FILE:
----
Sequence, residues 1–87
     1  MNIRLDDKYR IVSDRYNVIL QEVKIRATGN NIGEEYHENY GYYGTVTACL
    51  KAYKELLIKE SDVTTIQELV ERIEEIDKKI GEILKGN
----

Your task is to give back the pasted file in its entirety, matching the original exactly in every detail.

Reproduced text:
Sequence, residues 1–87
     1  MNIRLDDKYR IVSDRYNVIL QEVKIRATGN NIGEEYHENY GYYGTVTACL
    51  KAYKELLIKE SDVTTIQELV ERIEEIDKKI GEILKGN